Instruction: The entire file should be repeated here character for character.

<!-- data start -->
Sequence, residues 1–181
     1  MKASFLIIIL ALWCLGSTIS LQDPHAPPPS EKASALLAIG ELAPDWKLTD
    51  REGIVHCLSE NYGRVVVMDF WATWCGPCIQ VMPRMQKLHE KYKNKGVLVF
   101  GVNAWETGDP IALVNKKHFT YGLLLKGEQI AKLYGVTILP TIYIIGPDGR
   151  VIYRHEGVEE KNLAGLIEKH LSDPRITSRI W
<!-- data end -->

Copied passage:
Sequence, residues 1–181
     1  MKASFLIIIL ALWCLGSTIS LQDPHAPPPS EKASALLAIG ELAPDWKLTD
    51  REGIVHCLSE NYGRVVVMDF WATWCGPCIQ VMPRMQKLHE KYKNKGVLVF
   101  GVNAWETGDP IALVNKKHFT YGLLLKGEQI AKLYGVTILP TIYIIGPDGR
   151  VIYRHEGVEE KNLAGLIEKH LSDPRITSRI W